For students in Grade 1 scoring slightly below average, the cost per student was $282. Despite being at a higher grade than kindergarten, the cost implications were lower because of the focus on students who were struggling, but closer to the 50th percentile. 

Besides grade level and reading struggles, program duration also heavily influenced the pricing per student. The shortest intervention studied, at 5 weeks, was $479 per student, whereas a 28-week program ranged from $6,696 to $10,108. 

Besides the three levers (grade level, student scores, and program duration) that control costs, a major takeaway from the cost-effectiveness analysis study is the hefty price that is to be paid for each struggling reader.

At a time when students are recovering from missed learning opportunities due to the pandemic, it is not uncommon to see more than half of the class miss the mark for reading proficiency. 

For example, in a class of 20 students, this means 10 students will require some level of reading intervention.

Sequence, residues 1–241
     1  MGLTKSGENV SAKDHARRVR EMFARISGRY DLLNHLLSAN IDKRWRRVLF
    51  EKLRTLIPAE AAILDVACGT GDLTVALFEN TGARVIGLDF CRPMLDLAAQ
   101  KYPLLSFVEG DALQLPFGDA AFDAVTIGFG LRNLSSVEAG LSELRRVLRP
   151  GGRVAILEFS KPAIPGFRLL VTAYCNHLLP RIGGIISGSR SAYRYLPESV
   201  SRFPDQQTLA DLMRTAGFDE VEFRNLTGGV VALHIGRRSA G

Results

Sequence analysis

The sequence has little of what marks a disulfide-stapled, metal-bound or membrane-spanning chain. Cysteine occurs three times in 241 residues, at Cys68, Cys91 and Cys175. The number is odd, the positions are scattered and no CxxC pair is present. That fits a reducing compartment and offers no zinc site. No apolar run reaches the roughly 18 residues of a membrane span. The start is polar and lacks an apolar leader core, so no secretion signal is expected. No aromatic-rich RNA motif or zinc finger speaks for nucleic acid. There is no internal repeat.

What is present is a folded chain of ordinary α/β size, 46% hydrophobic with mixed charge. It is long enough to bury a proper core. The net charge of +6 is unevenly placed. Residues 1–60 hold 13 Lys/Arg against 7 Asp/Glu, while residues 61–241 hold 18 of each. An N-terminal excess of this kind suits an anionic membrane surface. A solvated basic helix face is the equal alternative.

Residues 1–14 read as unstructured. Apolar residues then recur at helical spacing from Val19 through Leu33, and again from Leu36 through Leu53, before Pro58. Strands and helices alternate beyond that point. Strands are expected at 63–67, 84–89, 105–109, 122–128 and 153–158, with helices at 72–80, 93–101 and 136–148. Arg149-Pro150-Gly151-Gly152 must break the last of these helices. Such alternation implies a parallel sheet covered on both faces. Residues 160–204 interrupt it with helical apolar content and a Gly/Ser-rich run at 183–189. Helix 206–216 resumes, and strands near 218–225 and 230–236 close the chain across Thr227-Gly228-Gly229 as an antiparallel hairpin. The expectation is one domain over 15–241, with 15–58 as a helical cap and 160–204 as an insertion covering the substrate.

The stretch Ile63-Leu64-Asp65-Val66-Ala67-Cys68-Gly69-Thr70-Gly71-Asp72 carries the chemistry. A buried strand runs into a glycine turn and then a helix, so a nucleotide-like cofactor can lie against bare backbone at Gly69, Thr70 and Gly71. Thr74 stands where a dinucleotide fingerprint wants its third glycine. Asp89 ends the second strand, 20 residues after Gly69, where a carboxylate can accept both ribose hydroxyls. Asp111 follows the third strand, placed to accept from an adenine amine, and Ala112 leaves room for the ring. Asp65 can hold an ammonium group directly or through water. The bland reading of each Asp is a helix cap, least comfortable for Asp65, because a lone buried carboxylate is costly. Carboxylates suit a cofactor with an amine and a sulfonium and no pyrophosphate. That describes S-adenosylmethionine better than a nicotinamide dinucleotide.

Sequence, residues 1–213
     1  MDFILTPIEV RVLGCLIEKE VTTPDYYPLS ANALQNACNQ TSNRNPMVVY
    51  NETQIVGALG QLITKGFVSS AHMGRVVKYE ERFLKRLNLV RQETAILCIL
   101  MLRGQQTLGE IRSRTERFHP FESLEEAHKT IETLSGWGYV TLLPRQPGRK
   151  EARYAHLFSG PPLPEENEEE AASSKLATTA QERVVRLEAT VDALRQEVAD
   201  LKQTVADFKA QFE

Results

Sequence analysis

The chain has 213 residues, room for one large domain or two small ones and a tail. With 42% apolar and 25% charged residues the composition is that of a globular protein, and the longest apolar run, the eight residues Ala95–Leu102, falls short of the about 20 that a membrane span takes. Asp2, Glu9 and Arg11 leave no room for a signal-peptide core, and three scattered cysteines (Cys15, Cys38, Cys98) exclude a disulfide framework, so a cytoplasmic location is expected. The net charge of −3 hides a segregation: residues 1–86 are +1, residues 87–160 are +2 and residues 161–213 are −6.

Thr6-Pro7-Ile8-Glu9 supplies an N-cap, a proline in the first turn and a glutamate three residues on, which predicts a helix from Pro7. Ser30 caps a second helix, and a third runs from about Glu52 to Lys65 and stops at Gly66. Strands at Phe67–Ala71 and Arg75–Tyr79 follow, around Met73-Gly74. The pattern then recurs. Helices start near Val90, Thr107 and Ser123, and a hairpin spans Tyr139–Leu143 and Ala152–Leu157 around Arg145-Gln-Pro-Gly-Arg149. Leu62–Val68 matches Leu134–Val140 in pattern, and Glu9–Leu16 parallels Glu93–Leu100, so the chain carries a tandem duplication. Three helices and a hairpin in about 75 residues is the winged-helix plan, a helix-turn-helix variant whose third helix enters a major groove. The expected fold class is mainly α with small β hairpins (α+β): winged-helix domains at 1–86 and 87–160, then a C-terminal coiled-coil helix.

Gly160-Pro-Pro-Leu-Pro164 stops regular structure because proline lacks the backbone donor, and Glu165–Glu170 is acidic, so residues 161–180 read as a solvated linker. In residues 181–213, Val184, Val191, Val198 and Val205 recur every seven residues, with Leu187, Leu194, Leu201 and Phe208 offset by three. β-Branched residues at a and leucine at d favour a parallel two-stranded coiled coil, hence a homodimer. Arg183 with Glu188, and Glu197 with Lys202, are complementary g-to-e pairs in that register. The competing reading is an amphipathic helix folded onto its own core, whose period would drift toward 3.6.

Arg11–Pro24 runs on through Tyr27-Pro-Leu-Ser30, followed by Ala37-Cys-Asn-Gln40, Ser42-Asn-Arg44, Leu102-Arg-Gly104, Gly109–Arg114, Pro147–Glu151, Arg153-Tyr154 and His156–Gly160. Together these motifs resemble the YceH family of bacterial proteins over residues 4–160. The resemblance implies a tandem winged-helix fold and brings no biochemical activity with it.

In kindergarten, considering the lower cost per student from the two sample cases in the study ($479), the costs amount to approximately $5,000 per classroom. 

In grade 3, considering the lower cost per student from the two sample cases in the study ($6,696), the costs amount to approximately $65,000 per classroom.

Whichever way we look at it, reading intervention is a costly measure. 

Reading Intervention Cost Comparison

Early Reading Intervention Program VS Sprig Reading

Footnotes

  1. Based on the following research studies: 

https://amplify.com/wp-content/uploads/2022/02/mCLASS_MOY-Results_February-2022-Report.pdf